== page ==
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Why makecontext’s func only accepts integer arguments

The man page for makecontext states that the arguments after argc should be integer(int) only:

…the function func is called, and passed the series of integer (int) arguments that follow argc

If we look at pthread_create or clone system call, they have one void* argument which is to passed to the func, and a pointer of struct can contain any number of data the user wishes to have, and these two function don’t need to use va_args either. So my question is why makecontext does not use this kind of technique, i.e., use a void pointer, instead of argc and va_args?



This was a design flaw that led to the demise/removal of makecontext. See the rational text for the last version of POSIX it was included in:

With the incorporation of the ISO/IEC 9899:1999 standard into this specification it was found that the ISO C standard (Subclause 6.11.6) specifies that the use of function declarators with empty parentheses is an obsolescent feature. Therefore, using the function prototype:

void makecontext(ucontext_t *ucp, void (*func)(), int argc, ...);

is making use of an obsolescent feature of the ISO C standard. Therefore, a strictly conforming POSIX application cannot use this form. Therefore, use of getcontext(), makecontext(), and swapcontext() is marked obsolescent.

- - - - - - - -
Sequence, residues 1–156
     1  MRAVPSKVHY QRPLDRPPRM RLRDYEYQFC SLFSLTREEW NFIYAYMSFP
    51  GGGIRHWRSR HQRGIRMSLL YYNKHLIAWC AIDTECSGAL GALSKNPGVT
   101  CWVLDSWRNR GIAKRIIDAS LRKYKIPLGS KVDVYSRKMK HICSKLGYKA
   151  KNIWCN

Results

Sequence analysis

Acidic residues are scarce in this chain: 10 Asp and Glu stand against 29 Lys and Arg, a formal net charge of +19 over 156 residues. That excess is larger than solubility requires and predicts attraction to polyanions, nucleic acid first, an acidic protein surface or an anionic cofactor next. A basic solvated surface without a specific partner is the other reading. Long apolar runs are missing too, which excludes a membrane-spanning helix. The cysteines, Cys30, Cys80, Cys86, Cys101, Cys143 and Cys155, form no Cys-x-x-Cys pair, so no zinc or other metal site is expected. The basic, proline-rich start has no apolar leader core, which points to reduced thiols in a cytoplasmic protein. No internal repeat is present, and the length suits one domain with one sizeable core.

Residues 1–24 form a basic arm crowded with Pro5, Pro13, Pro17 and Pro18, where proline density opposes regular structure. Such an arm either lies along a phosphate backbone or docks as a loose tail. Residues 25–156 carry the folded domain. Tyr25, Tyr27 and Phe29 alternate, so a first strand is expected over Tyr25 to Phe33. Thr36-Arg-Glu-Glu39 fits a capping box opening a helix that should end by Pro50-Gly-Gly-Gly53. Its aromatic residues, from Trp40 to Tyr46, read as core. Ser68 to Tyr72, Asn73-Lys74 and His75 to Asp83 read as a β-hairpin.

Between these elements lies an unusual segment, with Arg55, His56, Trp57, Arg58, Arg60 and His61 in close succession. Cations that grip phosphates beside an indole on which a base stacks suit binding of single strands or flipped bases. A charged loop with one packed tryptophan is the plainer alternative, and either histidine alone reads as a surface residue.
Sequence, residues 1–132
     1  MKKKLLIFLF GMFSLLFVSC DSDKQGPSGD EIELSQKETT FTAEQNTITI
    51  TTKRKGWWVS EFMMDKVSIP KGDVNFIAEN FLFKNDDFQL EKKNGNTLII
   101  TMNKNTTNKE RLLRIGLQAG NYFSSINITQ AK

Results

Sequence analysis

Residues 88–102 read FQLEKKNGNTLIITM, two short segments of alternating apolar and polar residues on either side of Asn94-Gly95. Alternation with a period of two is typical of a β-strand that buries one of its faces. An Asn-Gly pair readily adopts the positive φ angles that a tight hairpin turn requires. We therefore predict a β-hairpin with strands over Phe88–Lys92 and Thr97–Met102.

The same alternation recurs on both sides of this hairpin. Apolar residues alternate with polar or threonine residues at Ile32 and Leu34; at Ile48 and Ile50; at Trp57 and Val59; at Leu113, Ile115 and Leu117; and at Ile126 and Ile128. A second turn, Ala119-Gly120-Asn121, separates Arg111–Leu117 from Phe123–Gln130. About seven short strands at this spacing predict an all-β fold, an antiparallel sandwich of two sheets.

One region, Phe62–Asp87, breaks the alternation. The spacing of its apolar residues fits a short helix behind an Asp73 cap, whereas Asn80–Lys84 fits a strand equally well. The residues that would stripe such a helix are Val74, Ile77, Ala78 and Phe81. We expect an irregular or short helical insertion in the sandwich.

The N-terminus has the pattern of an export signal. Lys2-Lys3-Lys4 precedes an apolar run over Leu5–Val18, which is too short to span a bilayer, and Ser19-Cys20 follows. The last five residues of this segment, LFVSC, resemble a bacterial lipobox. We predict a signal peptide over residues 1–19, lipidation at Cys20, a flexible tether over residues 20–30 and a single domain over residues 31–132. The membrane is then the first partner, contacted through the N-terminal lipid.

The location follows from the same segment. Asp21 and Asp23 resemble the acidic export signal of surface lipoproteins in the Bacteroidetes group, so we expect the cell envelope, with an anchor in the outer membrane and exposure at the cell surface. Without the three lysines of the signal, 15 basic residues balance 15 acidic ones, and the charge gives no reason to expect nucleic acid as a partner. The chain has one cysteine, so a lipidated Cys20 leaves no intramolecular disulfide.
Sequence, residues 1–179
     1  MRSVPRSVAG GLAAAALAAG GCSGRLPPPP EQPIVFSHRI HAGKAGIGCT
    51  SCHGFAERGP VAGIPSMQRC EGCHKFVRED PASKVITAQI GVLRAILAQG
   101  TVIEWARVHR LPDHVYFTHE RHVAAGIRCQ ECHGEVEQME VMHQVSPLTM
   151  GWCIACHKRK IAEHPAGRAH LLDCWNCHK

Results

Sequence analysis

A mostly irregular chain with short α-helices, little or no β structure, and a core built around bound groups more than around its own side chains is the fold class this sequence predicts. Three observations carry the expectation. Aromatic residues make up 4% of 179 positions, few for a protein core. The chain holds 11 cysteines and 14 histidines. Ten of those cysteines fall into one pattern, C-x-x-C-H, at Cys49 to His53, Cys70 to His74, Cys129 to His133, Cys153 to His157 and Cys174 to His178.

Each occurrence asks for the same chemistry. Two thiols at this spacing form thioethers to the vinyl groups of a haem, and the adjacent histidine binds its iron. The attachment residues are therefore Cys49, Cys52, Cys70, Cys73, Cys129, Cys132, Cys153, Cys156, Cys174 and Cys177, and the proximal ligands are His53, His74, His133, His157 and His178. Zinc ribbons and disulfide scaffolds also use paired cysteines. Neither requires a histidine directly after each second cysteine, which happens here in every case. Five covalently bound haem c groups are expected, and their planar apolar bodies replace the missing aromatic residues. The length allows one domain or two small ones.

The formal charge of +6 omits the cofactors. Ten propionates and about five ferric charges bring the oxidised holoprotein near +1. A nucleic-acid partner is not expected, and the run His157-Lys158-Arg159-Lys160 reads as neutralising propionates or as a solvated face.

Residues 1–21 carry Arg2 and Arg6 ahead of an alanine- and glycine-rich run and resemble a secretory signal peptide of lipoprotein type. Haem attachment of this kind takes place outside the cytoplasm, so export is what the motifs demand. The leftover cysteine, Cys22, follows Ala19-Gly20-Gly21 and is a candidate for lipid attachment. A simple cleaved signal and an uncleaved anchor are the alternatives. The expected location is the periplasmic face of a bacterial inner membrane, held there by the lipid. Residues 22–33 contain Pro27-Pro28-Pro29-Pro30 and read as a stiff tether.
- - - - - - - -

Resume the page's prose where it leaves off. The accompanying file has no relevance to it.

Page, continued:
There is no way in the ISO C standard to specify a non-obsolescent function prototype indicating that a function will be called with an arbitrary number (including zero) of arguments of arbitrary types (including integers, pointers to data, pointers to functions, and composite types).

Replacing makecontext() with a number of ISO C standard-compatible functions handing various numbers and types of arguments would have forced all existing uses of makecontext() to be rewritten for little or no gain. There are very few applications today that use the *context() routines. Those that do use them are almost always using them to implement co-routines. By maintaining the XSH, Issue 5 specification for makecontext(), existing applications will continue to work, although they won’t be able to be classified as strictly conforming applications.

There is no way in the ISO C standard (without using obsolescent behavior) to specify functionality that was standard, strictly conforming behavior in the XSH, Issue 5 specification using the ISO C standard. Threads can be used to implement the functionality provided by makecontext(), getcontext(), and swapcontext() but they are more complex to use. It was felt inventing new ISO C standard-compatible interfaces that describe what can be done with the XSH, Issue 5 functions and then converting applications to use them would cause more difficulty than just converting applications that use them to use threads instead.

Note that, in order for the implementation of makecontext to actually call func, it has to know how to setup a stack frame for entry to a function with the right number and type of arguments. If all arguments are required to have the same type (int), it’s possible to know that just from the number, argc. If they were allowed to have different types, the caller would somehow have to pass a specification of the types as an argument to makecontext; a simple count is not sufficient to know how to copy them from the va_list received by makecontext to the stack frame for entry to func.

Of course makecontext‘s func should have just taken a single void *, and then the problem would never have arisen. But it didn’t.